Monday, February 1, 2016

Tom Mays Underpass, Solar Energy, New Council and Glass Recycling

Rather than doing several posts, I decided to just bring you up to date about several items.

Photo by Rick Bonart

At long last the work has begun to construct a hike/bike/animal corridor underneath Transmountain to connect the FMSP land to the south to the FMSP’s Tom Mays Unit to the north. I had been made aware of this several weeks ago from a friend of mine and also a friend of TxDOT Regional Engineer Bob Bielek. Now the buzz has begun via email as some have passed by the construction site.


On the solar front, a potential settlement on EPEC's rate case before the PUC may happen tomorrow. Some are saying that it is the best proposal, which means that nobody will be happy. Who may be the unhappiest: (1) all the folks who will lose their jobs when EPEC kills the solar industry in El Paso, (2) all current solar users and (3) all El Pasoans who will lose a chance to have a clean, sustainable energy future.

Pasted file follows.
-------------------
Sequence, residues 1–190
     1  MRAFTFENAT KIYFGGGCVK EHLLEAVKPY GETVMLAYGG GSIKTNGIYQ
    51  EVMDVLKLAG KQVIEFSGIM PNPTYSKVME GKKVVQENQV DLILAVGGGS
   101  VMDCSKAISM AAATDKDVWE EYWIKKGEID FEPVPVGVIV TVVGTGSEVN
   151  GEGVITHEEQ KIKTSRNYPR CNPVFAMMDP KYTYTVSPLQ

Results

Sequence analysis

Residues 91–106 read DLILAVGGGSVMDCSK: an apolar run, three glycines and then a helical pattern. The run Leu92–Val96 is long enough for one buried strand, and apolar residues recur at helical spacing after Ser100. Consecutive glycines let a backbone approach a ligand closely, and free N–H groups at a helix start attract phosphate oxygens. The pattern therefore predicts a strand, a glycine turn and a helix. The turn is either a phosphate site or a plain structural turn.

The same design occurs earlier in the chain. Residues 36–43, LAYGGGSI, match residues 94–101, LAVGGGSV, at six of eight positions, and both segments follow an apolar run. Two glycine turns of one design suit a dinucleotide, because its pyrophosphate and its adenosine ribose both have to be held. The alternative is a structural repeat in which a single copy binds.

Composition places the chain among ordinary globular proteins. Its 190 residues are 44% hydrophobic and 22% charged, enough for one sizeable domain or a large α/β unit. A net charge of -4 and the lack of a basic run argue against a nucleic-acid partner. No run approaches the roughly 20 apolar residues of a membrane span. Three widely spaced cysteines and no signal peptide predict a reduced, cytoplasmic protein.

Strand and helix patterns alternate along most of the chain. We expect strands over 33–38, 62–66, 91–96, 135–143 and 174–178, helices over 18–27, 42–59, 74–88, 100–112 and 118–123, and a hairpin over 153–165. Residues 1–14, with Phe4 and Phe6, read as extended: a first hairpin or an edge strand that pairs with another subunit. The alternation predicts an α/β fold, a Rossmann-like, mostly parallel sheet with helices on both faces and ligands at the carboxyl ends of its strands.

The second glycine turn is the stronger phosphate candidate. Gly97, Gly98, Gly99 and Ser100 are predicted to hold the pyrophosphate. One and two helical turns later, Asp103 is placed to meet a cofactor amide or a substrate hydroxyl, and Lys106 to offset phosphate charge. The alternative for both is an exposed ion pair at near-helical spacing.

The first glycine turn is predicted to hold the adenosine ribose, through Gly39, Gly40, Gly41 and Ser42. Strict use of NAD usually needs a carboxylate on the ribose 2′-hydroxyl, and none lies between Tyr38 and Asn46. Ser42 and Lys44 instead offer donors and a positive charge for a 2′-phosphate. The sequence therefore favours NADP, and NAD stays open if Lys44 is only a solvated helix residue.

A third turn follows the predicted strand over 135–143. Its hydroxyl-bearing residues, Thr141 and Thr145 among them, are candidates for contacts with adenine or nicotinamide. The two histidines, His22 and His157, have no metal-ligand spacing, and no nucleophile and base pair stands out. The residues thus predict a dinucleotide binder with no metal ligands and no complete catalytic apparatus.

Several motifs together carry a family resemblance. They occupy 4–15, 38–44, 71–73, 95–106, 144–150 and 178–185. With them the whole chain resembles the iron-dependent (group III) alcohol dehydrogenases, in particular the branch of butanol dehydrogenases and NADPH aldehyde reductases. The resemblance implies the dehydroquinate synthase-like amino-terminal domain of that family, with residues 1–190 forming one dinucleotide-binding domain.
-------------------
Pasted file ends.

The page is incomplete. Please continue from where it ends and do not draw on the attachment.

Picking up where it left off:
Take a look at what France is doing. Imagine roads of solar panels that you can drive on. 

Check out the Bloomberg Business Report Who Owns the Sun. Be sure to watch the video.

Also read New Report Reveals Electric Utility Industry's Influence at Universities. (Note that NMSU is part of the cabal.) It is clear that the fossil fuel and electric utility companies are "out to get" the distributed solar energy industry. 

Read Senator José Rodríguez's op-ed piece in yesterday's El Paso Times as well as his piece in the Rio Grande Guardian. HERE is what he wrote to the PUC. 


Good news from last week's regular City Council meeting. An ordinance establishing a Regional Renewable Energy Advisory Council passed. Many thanks go to Rep. Peter Svarzbein for being proactive on Council rather than playing politics and being reactive.


Finally, it seems like glass recycling in El Paso is off to a good start. Marshall Carter-Tripp reports: "I went to the Northwest Collection Center today.  As promised, no water bill was required.  What they had was four recycle bins along a wall.  They had different color tops.  You put the glass in the bins yourself.  Unfortunately the bin with the blue top had been pretty much filled with brown bottles, so I put my blue bottle in with the green bottle and hoped for the best.   The clear glass went in a bin with a grey top. Hope they will refine it a bit but it went well."

For the glass recycling pilot program to succeed, we not only should recycle bottles but use the end products for mulch and more.


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